CHRIST IN WINTER: Reflections on Faith for the Years of Winter… ©
As I walked this morning, about 32, nippy, frosty, it reminded me of so many mornings like it when I walked to class at IU, Indiana University, and I was very thankful to be back here, in Bloomington, to close the circle, to be “where my life began.”
I really think of it that way. Mostly because it was at IU that I met Helen, and none of the rest of my life would have been possible without her, but the whole IU experience opened the world to me. Those were a marvelous four years. Yes, there was the usual heartbreak of romantic rejections, before I met Helen, and the uncertainty about what I was supposed to do with my life, all the usual stuff of that stage of life, but it was like being put into the basket of a trebuchet and then flung out into space--uncertain where you’ll land, but exhilarating.
At the same time, I feel a little embarrassed at saying my life started at IU, because Oakland City, IN was so good to me. Moving there in the middle of the first semester of 5th grade, a poor country kid, without decent clothes, who had to ride on a horse-drawn wagon with his father to go into town, those OC kids were so accepting of me anyway. They had a high regard for education and intelligence. As soon as I started getting the best grades in class, [matched by James Burch], they were even nicer to me. They thought that was great, quite unlike the anti-intellectual tenor of our current times.
The good grades were a surprise to me. We did not have letter grades at Lucretia Mott Public School # 3 in Indianapolis. Each grading period the teacher wrote something like “Johnny isn’t too awful.” I already knew that.
Oakland City was old-fashioned. We had quizzes in spelling and arithmetic and all the other subjects almost every day. No concern for privacy--we passed them to the kid across the aisle to grade. Quickly everybody knew that I got all the answers right.
On top of that, Uncle Ted, my mother’s oldest brother, who once served in the Indiana Legislature, lived only 5 miles away now, and had no children, so he became a sort of grandfather. He promised me a dime for each A and a nickel for each B. I was rich.
I wasn’t really competitive. I didn’t try to out-shine the other kids. I was glad if they got good grades, too. But I wanted their respect, and I wanted dimes.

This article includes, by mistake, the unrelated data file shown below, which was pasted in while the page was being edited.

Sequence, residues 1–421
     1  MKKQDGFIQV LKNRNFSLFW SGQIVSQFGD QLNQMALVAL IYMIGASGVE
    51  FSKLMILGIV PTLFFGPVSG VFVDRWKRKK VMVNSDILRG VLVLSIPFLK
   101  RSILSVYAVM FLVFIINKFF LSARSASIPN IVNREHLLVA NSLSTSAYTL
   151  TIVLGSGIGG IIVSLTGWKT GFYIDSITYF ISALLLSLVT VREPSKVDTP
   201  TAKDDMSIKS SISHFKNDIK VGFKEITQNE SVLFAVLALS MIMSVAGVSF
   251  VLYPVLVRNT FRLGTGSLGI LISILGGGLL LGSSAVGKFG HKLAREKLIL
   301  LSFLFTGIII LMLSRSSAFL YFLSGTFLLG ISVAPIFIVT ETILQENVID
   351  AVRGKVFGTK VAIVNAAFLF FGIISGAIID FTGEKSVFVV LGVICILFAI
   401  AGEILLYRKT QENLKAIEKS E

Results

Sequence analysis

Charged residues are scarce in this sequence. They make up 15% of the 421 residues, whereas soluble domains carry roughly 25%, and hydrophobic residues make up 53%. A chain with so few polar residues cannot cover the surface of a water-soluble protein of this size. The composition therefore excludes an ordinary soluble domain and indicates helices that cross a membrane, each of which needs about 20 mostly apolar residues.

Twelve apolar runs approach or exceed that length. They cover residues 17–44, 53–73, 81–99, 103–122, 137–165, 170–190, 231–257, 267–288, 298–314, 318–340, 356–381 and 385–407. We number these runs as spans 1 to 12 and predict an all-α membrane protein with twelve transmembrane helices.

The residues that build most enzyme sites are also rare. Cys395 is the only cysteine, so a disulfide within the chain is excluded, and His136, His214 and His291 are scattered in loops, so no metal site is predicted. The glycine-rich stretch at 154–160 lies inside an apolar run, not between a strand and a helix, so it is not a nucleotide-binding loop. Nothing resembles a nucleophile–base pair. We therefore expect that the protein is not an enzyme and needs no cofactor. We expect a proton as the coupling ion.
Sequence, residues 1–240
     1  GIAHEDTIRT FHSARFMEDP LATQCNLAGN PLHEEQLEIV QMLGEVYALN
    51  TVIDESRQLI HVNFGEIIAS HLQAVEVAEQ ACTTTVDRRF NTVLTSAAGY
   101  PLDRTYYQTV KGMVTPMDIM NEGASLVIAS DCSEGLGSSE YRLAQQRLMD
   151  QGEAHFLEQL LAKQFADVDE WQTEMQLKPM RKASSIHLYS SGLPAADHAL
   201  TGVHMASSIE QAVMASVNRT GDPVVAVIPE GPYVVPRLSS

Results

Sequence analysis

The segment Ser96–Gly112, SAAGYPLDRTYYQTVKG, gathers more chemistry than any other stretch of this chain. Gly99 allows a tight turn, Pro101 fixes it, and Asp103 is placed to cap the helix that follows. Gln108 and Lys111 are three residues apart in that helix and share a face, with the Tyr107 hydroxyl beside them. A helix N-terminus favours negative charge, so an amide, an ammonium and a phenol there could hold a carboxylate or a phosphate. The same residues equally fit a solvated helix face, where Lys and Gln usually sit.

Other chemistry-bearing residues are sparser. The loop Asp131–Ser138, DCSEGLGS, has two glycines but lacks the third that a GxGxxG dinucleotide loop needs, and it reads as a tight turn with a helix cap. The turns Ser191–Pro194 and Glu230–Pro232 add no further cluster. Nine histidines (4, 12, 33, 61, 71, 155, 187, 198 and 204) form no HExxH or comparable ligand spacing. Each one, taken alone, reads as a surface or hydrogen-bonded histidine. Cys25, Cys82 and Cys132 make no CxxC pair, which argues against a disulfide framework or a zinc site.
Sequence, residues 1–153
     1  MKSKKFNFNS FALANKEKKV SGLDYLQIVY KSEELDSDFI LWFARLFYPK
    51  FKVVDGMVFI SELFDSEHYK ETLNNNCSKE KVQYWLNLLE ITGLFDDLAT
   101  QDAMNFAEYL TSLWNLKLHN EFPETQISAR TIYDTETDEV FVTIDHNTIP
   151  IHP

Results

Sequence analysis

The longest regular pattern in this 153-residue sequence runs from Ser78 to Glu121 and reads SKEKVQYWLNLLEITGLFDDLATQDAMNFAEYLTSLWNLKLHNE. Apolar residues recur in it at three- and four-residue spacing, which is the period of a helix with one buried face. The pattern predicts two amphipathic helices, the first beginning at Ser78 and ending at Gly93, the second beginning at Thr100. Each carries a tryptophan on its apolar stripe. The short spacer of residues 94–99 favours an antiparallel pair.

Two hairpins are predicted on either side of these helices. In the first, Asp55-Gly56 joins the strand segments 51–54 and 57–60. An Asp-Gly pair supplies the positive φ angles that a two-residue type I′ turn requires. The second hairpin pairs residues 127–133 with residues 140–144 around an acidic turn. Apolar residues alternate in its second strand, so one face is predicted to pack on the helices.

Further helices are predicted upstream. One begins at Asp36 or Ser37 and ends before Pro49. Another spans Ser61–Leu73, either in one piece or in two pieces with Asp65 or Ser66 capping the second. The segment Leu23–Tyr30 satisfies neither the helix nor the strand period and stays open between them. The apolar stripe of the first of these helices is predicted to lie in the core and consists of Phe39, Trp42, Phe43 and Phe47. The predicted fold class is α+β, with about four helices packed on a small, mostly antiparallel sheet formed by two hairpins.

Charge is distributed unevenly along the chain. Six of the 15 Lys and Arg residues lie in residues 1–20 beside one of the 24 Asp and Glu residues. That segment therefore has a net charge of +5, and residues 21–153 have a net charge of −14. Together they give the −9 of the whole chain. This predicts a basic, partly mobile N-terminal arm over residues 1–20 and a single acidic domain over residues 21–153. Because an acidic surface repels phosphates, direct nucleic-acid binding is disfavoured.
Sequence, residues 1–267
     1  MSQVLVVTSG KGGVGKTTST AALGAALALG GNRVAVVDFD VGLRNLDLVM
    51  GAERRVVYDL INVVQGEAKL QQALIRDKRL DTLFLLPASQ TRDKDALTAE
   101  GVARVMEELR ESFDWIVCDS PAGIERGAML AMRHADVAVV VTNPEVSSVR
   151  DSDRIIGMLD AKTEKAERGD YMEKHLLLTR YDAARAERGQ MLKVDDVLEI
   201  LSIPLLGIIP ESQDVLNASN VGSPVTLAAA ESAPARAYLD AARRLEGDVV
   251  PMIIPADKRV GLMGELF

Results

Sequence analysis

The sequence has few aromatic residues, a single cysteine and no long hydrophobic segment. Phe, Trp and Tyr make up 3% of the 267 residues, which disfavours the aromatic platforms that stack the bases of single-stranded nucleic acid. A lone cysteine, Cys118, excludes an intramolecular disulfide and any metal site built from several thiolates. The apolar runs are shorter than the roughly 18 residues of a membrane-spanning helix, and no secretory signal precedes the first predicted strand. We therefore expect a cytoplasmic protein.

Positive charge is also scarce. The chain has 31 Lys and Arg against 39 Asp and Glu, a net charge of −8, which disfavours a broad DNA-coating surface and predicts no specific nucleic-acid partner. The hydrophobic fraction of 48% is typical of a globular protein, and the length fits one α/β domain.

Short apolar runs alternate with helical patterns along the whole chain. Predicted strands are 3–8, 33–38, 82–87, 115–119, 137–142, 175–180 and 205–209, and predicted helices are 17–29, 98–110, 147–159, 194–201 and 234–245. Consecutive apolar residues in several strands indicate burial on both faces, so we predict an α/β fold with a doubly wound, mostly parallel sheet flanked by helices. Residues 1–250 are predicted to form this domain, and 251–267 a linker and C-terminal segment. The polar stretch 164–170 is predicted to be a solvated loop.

Strangely, I think a lot of my dimes were the result of Lucretia Mott School, so I guess maybe I should say that my life started in Indianapolis. The state board of education, or whoever made those decisions in those days, decided that PS 3 would be an ideal place to try out new ways of educating. It was a poor but respectable section of the city. Educators were not afraid to come into our part of town, which was probably the main reason we were chosen. All the kids were white. Our parents were uneducated and compliant, so they would not complain if the experiments went wrong.
A lot of the experiments did not work. I was afraid for years to sing. I still can’t draw. I could not learn to read by having whole phrases flashed onto a screen by a slide projector. [Part of experimentation was using new technology.]
But the Hawthorne effect worked.
The AT&T labor engineers experimented at the Hawthorne, IL plant. They gave the employees longer lunch breaks, and productivity went up. They brought in snack machines, and productivity went up. They gave folks nice stools instead of making them stand up to work the assembly lines, and productivity went up.
The message was pretty clear. But then one of the engineers got a bright idea.
He shortened lunch breaks, and productivity went up. He took away snack machines, and productivity went up. He took away the nice stools and made people stand up to work at the assembly lines, and productivity went up.
Productivity was the result of getting attention! The attention mattered. The employees felt that they were respected, that not just what they did mattered but that they themselves mattered.
So, I think I got dimes at Oakland City in part because I got a lot of attention at School # 3 in Indianapolis. Also because of Saturday afternoon matinees at the Tacoma Theater, where I learned not to trust guys in black hats.
Well, my life started some place, and I give thanks for all the folks who helped me along the way.
John Robert McFarland
I tweet as yooper1721.